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Senior Advisor

Re: Retirement plans

This is not unusual and it need not be a new spouse. I know of a cse where a kindly enighborhood care giver was the beneficiary of an estate. The deceased man ignored the wishes of the original owner of the property and completely stiffed her surviving children.

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Honored Advisor

Re: Retirement plans

Mike and I formed a new estate plan ten years ago, when the youngest child was turning eighteen...no more guardianship issues to deal with at that juncture.  We selected one of the best estate attorneys in the state, who truly understood farmers and our special concerns about the land and farm succession. 

Each of us would benefit from all of the properties we own via trust instruments. 

We placed this farm into an evenly-held LLC, and are leaving it in halves to the child who's farming it with us.  The other two get their respective farms in VA, with money, investments and life insurance proceeds to level things out when the second one of us passes, and everything is appraised. 

I do need to contact him to make a second codicil, as we've purchased a couple of small tracts in this state in the past four months, but I need to settle a share situation on one of them first.  Was waiting for the holidays to pass, so may start on it this week. 

We filed a first codicil a few years ago,  after buying a lot near this farm to get riffraff out of the neighborhood...essentially the reason we bought the two parcels this year, too. 

I am sure that our plan isn't perfect, but it is reasonable and reasonably simple.  When the attorney looked at us back then, and asked what we wanted to do if the money didn't completely level things out, we both said,  "They will have to accept that we did the best we could." 

All of them have homes we helped them obtain.  Two already have businesses we helped them to start up - which we'd also do  for the third one if she asked, as she knows - I think they know that some of what they would ahve inherited is some of what they have already received.  That thrid one wanted an expensive college diploma that her brother and sister did not require, and that factors into the overall equation, too. 

I do need to sit down and write out some speciifc bequests for personal items, as does Mike.   Whoever gets his motorcycles and toyhauler, and my stash of stained glass supplies, will be worth a small fortune! 

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Veteran Advisor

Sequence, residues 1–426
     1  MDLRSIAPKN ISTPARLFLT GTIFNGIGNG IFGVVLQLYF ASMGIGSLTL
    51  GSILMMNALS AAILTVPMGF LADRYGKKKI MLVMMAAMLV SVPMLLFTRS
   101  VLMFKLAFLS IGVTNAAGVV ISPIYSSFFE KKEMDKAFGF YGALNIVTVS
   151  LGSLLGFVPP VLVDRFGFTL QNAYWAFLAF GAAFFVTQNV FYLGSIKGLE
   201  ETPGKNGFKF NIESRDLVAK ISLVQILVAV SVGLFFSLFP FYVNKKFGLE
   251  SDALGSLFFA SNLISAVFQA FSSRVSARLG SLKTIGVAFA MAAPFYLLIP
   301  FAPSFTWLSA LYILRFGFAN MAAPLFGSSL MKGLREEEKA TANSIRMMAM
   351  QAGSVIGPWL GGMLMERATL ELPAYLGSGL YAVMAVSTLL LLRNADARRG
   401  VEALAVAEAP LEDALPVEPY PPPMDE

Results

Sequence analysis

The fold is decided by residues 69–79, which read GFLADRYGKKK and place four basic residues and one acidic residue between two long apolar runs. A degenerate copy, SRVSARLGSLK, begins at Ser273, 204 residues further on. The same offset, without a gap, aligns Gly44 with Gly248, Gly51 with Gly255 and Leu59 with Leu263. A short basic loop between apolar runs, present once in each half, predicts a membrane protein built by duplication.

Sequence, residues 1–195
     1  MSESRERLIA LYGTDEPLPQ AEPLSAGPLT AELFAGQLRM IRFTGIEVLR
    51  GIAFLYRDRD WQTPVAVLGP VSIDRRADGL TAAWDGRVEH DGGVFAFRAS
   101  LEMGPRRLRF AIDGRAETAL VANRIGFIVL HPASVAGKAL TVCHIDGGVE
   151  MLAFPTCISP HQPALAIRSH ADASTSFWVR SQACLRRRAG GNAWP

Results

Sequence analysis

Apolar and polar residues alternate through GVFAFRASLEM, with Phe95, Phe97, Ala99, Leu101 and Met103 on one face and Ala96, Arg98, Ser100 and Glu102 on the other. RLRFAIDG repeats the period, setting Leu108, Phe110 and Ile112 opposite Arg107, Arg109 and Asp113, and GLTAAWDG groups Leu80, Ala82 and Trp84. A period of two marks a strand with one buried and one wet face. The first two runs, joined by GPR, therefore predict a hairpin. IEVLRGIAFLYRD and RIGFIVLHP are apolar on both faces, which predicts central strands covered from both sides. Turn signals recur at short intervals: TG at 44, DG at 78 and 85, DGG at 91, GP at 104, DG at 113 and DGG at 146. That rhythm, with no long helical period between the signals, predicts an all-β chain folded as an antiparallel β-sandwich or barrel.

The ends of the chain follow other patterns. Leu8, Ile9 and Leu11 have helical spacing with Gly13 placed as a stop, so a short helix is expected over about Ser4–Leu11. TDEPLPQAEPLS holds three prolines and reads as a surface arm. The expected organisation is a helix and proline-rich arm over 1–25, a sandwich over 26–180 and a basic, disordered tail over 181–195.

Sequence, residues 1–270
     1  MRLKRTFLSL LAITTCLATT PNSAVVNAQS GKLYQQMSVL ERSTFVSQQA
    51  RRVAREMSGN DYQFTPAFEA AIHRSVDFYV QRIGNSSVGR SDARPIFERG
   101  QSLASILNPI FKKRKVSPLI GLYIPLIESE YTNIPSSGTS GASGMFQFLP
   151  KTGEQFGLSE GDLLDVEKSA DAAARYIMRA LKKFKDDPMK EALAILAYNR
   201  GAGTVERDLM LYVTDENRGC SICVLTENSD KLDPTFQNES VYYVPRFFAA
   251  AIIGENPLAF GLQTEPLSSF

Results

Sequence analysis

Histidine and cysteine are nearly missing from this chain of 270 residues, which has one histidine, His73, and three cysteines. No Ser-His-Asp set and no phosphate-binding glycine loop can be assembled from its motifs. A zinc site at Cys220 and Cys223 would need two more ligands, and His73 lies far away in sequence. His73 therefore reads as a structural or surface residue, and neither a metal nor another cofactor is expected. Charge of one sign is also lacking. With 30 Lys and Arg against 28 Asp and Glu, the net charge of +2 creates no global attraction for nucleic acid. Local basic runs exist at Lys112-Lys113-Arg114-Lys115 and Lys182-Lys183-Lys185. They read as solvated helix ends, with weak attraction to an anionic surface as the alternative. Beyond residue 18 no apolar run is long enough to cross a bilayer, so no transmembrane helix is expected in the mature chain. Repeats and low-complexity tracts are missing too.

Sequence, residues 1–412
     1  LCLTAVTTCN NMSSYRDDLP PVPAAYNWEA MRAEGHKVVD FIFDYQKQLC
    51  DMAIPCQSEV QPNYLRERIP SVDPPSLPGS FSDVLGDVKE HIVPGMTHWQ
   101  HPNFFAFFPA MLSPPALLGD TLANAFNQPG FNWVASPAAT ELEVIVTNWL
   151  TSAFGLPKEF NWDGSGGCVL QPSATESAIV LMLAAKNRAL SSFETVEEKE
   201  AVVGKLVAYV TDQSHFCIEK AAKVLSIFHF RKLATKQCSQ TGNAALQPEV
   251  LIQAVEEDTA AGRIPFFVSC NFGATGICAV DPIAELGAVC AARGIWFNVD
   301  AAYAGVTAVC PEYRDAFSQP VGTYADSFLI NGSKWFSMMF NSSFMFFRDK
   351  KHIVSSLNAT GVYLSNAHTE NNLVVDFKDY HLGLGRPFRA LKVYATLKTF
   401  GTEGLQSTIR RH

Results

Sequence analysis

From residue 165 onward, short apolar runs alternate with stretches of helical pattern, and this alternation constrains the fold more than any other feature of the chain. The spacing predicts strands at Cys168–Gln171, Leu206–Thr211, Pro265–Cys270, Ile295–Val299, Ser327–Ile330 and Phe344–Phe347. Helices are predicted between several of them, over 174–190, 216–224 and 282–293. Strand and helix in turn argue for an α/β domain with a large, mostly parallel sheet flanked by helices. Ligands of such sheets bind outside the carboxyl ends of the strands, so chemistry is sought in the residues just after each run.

passing on assets

Just to throw some more thoughts in about passing on estate items.

Sometimes the best plans get misplaced/adjusted/changed because of a less stable mind as people age and I am not sure there is a foolproof way to protect.

My mother had promised some keepsakes to several of her grand daughters.

We know that at least some of them were marked with the recipients name.

Father died and mother lived another 6 years or so in the house with a diminishing mind.

When we finally moved her out of her house and then decided to sell it some 8-12 months later clearing out her treasures found several of the promised items missing. No idea real proof where they went but it has been suggested that some neighbours and friends that used to visit her when she lived alone expressed an interest or favourable comment on an item and mother gave same to them, forgetting that it was promised to others many years before.

Could also tell of an estate that was kind of "paid" early to 2 sons 20 & 30 years ago with the remaining home to go to the daughter after the parents deceased.

Parents are still alive in their nineties, have sold last property and continue to live off the proceeds of that sale.

To make it even more unfair it is the daughter who has been doing all the necessary running and assistance with their care as they age and as a final hit the father was angry with the daughter because she was the one who had to tell him to do things he did not want to do, so he wrote her out of his will and left all he has to his 2 sons. He made sure to tell daughter when he did this.

 

The sons both live several hours away so daughter still has to take father to doctors etc. Will they do the right thing?

 

Estates can be changed when the mind is not as rational as in your younger years and I know of no fool proof way to protect from this.

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Advisor